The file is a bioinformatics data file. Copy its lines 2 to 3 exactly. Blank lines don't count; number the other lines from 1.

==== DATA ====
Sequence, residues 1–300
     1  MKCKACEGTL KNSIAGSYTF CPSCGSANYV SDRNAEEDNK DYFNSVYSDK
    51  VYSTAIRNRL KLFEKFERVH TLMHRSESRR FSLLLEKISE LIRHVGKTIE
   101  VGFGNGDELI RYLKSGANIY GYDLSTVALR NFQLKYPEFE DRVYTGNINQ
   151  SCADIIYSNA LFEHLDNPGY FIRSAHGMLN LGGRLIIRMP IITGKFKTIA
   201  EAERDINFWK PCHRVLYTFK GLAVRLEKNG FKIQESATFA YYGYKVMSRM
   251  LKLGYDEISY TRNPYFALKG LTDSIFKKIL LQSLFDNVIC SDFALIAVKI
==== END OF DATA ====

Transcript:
     1  MKCKACEGTL KNSIAGSYTF CPSCGSANYV SDRNAEEDNK DYFNSVYSDK
    51  VYSTAIRNRL KLFEKFERVH TLMHRSESRR FSLLLEKISE LIRHVGKTIE